The Emperor's Private Paradise at the Peabody Essex Museum, now through January 9, 2011
The Emperor's Private Paradise at the Peabody Essex Museum, now through January 9, 2011
By PHOENIX STAFF  |  September 24, 2010
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An Emperor's heaven on earth

Salem's Peabody Essex Museum has pulled off the curatorial coup of the year with "The Emperor's Private Paradise," which reveals to the public for the first time 90 "treasures from the Forbidden City," the Chinese imperial palace in Beijing.
The Peabody Essex Museum scores a curatorial coup
By GREG COOK  |  September 24, 2010

Review: Wu's

When I heard that Wu’s was the favorite restaurant of a vegetarian acquaintance, I thought we might give it a try.
Turning up the heat in Westerly
By JOHNETTE RODRIGUEZ  |  June 11, 2010
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Review: The Karate Kid (2010)

What happens when Will Smith wants a franchise for his boy.
Shouldn't it be "The Kung Fu Kid"?
By BRETT MICHEL  |  June 11, 2010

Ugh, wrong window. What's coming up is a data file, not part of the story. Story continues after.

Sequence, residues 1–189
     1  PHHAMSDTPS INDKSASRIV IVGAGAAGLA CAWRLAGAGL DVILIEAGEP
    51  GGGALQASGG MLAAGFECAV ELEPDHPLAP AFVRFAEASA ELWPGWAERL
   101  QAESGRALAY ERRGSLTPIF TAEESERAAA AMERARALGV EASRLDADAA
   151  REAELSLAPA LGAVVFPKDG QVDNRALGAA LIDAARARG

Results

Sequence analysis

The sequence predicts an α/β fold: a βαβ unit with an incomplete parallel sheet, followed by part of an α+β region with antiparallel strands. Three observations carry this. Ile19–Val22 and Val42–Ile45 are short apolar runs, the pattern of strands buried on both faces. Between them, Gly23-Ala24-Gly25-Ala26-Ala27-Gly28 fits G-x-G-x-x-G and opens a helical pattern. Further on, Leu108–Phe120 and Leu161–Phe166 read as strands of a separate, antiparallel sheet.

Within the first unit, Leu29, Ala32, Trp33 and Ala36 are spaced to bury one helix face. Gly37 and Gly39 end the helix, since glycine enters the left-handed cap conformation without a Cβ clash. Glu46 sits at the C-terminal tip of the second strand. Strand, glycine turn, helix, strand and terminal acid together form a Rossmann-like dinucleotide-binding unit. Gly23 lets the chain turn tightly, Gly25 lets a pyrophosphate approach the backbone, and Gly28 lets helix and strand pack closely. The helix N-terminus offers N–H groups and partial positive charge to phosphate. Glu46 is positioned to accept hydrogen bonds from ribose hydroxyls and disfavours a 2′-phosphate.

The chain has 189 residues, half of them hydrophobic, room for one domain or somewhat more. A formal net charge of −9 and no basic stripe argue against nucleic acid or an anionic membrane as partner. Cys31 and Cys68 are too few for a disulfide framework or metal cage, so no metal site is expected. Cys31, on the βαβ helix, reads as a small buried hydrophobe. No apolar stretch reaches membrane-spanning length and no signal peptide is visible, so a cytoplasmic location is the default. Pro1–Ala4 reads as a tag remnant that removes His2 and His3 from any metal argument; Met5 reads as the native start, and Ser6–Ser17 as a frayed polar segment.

Secret desires

Everywhere I go, people keep asking me, “Who’s going to win the election?” Often, my answer depends on my mood (which ranges from bad to horrendous).
Who's going to win the election?
By AL DIAMON  |  June 04, 2010
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Balls of fire

For one month every four years, the United States — try as it might — can’t impose its vacuous culture on the rest of the planet. The World Cup arrives and the Americans are, at best, an afterthought.
Porn stars, witch doctors, elephant farts, and the worst soccer team on the planet take center stage at this summer’s World Cup
By DAVID SCHARFENBERG AND LANCE GOULD  |  May 28, 2010
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Sichuan Gourmet

I’ve been miffed for some years that Boston’s suburbs had all the best Sichuan restaurants.
Traditional Sichuan flavors to reawaken your jaded palate
By MC SLIM JB  |  May 28, 2010
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Cape Wind: It’s Complicated

Thousands of years ago, the terrain beneath what is now Nantucket Sound was dry, and populated by the ancestors of the Wampanoag people, who continue to revere it.
Obama gave the project a green light, but now the real fight begins.
By VALERIE VANDE PANNE  |  May 07, 2010